It took 10 years to organize this e-book. I was introduced to general linear models as a teaching assistant in 2012 in the Measurement and Statistics (M & S) Program at Florida State University (FSU). At the time I was struck by the power of the analytic techniques – a suite of statistical knowledge and techniques for drawing analytical conclusions from a set of numeric values. At the same time, I was struck by the fundamental limitations (e.g., violations of regression assumptions; deficiency on validity evidence in measurement model, parameter choices; missingness including nonresponse bias, etc.) of the applicability of the techniques, especially when applied to the field of public management and policy. I left the program with the impression that statistics was attractive but ultimately not very useful for the researchers to explore and examine public sector organizations. I vowed to monitor progress in the field.

I returned to the program in 2015 and learned in-depth analytical techniques since that time. I earned my PhDs in the dual-degree programs of M & S and Public Administration (PA) and Policy. The past decade has been an exciting time for my academic journey as computer technology has developed rapidly, particularly in the area of psychometrics. These developments have coupled with the ever-increasing quality of quantitative research in the social sciences. My disciplines aim to be unified by both critical thinking and technical practice. To do so, with a focus on interdisciplinarity and collaboration, I have worked to bridge analytical techniques and the public management agendas. Contrary to my prediction that other disciplines could collaborate, in reality, the perspectives of applied statisticians, such as psychometricians, and econometricians, were far narrower than we thought, and communication between them did not seem easy. So, I thought it would be quicker for myself, with substantive knowledge in public policy and management, to reach policy problem solving scientifically by accomplishing the interdisciplinary integration of them in me.

With skepticism about the current research situation that research problems and research methodology are playing separately, it is necessary to consider how much we contribute to the discovery of scientific facts. I believe that PA scholars and students applying reflective thinking to public management should accept recent advances in econometrics and decision-making support systems (DSS), including tree-based methods, kernel-based methods, and artificial neural networks as everyone does. Why it is a problem that scholars get stuck in an ideology or theory, is because they try to apply the old theories that fill their heads to solve social challenges. You have to grab the most pressing points of the time and look into the problems, always have a humble perception that your tools can be wrong, and have an integrated attitude with a variety of approaches.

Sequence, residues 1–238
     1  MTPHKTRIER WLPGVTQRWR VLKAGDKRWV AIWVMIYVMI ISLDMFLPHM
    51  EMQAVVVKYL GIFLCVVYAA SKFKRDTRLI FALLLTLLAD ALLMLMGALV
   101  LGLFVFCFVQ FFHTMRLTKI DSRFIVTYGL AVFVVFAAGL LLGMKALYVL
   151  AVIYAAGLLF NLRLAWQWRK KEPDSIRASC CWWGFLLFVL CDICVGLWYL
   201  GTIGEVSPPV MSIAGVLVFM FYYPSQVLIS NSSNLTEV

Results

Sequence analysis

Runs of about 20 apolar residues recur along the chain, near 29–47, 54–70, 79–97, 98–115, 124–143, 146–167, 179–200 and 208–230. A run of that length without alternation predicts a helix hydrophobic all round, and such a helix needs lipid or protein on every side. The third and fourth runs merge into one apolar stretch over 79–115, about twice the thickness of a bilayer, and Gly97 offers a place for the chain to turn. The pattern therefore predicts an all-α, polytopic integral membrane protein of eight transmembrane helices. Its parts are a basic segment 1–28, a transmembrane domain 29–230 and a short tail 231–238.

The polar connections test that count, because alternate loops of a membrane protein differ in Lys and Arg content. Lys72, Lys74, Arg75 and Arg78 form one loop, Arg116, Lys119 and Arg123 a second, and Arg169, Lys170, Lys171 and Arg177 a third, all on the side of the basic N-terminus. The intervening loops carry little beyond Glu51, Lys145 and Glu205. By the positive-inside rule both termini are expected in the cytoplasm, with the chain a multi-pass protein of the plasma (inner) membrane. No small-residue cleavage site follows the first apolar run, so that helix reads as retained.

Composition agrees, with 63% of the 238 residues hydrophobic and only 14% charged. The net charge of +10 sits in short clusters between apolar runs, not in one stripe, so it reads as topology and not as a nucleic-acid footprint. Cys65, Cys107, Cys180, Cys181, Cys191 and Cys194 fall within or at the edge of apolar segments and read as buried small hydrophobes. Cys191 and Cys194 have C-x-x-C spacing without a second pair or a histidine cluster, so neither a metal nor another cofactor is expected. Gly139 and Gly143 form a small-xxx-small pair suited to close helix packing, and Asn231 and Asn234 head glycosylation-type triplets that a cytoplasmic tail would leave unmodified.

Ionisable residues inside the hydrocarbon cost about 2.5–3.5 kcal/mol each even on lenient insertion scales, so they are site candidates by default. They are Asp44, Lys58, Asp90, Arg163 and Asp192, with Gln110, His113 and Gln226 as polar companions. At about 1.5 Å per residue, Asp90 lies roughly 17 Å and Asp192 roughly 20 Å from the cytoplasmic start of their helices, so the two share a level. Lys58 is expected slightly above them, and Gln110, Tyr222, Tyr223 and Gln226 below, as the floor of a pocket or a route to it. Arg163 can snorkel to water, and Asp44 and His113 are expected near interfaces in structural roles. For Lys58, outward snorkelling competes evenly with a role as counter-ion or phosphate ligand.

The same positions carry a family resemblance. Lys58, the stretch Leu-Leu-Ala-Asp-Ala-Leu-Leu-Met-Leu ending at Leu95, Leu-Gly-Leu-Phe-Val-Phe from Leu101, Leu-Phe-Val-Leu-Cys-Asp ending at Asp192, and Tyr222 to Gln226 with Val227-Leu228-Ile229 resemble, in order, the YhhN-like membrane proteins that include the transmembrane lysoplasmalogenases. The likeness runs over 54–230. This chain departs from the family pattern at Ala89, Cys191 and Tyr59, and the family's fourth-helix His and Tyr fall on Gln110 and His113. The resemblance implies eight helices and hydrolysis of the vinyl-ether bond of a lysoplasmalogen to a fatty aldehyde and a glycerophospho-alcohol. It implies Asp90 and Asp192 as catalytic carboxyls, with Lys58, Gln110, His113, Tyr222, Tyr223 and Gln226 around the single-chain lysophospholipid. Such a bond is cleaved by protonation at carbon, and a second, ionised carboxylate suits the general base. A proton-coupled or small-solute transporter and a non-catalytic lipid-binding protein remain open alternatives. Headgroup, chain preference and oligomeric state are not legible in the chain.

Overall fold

Analytic Techniques for Public Management and Policy was written with the hope where the techniques can be used effectively to be evidence-based research and that it might encourage public management and policy researchers to inform more effective governance. This e-book is based on ordinary least squares (OLS) regression and is informed by four resources: Dr. Russell G. Almond’s statistics classes, Dr. Salih Binici’s measurement classes, Dr. Tom Cook’s quasi-experimental design workshop, and Dr. Kyoung-jun Lee’s DSS class. I am very grateful to Dr. Almond at the FSU, Dr. Binici at the Florida State Department of Education, Dr. Cook at Northwestern University, and Dr. Lee at Kyung Hee University.


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Analytic Techniques for Public Management and Policy Copyright © 2021 by Jiwon N. Speers is licensed under a Creative Commons Attribution-NonCommercial-ShareAlike 4.0 International License, except where otherwise noted.

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